In message <199909291913.MAA20938@unicode.org>
> I keep not understanding where the problem is with these terminals and
> combining characters.
> The fact is that the polling (receiving) of BINARY characters (encoded in
> Unicode, ASCII, GB, or whatever) and their visualization should be two
> completely separate and unrelated things.
> The part that receives BINARY characters (from remote or local) should not
> even imagine the existence of things like combining characters, or the bidi
> algorithm, or canonical or eretical (de)composition.
The basic problem as I see it is that composite sequences
(eg A+combining acute) are to be considered equivalent to precombined
characters. Thus one is no longer looking for individual characters, one
is looking for combining character sequences, and combining character
sequences have no end point.
The example in hand is an automated engine talking to an interactive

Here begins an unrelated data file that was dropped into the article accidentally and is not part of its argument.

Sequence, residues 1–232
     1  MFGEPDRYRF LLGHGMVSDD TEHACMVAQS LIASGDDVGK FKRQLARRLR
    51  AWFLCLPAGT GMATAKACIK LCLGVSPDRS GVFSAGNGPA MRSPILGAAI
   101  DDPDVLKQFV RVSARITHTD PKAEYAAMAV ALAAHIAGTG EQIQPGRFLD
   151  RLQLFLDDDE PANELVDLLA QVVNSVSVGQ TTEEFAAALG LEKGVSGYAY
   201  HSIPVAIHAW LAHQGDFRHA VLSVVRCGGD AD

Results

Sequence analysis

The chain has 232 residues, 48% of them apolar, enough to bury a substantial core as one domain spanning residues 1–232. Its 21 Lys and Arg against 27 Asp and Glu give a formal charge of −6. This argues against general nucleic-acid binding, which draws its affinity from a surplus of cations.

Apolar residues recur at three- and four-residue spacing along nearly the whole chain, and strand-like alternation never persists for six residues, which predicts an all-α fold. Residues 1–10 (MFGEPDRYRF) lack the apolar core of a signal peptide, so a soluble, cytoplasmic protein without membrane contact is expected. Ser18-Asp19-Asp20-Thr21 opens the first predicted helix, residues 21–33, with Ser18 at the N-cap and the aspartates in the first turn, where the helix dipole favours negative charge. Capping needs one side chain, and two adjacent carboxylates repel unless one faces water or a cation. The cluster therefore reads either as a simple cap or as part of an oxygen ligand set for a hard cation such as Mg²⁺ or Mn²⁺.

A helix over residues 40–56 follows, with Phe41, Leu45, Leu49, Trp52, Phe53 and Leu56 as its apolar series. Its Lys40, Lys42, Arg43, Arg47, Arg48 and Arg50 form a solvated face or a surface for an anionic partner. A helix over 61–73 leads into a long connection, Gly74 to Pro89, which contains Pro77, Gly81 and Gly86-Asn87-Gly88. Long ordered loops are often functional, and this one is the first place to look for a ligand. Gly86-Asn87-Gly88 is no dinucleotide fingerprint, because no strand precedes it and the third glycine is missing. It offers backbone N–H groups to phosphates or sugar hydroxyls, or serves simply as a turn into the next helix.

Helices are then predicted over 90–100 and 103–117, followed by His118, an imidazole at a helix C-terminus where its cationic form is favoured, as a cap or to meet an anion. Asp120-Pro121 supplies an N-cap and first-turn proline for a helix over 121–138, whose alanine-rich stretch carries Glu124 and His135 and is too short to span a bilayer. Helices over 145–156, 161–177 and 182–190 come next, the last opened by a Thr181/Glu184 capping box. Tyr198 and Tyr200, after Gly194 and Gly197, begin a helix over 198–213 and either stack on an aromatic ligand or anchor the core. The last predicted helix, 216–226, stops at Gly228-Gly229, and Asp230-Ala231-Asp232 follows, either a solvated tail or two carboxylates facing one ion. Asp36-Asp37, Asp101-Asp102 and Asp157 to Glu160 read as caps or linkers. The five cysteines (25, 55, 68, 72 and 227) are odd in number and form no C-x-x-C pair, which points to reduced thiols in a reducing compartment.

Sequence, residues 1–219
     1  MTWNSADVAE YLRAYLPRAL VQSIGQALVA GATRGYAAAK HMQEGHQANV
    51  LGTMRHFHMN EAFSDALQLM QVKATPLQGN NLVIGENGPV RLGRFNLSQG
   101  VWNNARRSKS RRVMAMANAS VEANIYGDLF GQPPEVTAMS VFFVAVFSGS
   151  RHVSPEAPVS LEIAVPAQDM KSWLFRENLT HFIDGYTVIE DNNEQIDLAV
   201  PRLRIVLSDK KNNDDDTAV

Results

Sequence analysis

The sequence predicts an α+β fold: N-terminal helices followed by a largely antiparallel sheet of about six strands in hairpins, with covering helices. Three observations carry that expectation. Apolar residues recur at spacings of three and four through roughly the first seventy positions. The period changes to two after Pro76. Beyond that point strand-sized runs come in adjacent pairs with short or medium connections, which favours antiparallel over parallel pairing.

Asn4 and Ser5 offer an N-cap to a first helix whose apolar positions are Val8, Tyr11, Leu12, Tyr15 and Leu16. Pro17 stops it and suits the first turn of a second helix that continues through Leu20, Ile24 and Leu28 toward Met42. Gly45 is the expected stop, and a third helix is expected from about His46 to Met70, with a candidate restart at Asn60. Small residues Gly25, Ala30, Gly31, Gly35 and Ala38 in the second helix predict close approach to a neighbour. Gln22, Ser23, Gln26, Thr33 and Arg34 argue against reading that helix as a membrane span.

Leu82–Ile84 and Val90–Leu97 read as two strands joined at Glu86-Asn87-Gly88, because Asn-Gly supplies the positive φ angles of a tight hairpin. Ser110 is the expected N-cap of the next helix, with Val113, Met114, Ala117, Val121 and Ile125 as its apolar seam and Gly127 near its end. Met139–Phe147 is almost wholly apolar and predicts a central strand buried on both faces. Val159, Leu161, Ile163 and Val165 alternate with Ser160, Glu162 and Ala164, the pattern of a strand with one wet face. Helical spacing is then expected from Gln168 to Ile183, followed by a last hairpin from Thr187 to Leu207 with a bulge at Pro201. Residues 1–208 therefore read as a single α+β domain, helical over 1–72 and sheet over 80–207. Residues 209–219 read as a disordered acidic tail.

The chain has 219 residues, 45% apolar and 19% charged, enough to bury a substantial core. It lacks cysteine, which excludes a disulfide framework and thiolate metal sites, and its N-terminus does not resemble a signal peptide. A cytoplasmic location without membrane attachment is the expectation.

server, waiting for the "login:" prompt. If ":-acute" is to be treated
as different from ":", then you mustn't match "login<:-acute>". Because
a combining character can technically follow any other character, we get
an ambiguity problem in any interactive string matching circumstance.
Another circumstance which exhibits this problem is HTML. "<" marks the
start of a markup tag. However, "<+combining /" (canonically equivalent to
U+226C), or any other form of "<" doesn't, so a Unicode capable browser must
presumably take only a "<" followed by a non-combining character as the start
of a tag.
This latter case can be dealt with fairly straightforwardly. In the
interactive case, either there is going to have to be some sort of control
character as a record marker, or in the "login:" case one just accepts
"login:+any combining characters" as a valid prompt, so you wait for "login:"
and then discard any following combining marks. (And also remember to
accept any precomposed accented colons...)
-- Kevin Bracey, Senior Software Engineer Pace Micro Technology plc Tel: +44 (0) 1223 518566 645 Newmarket Road Fax: +44 (0) 1223 518526 Cambridge, CB5 8PB, United Kingdom WWW: http://www.acorn.co.uk/
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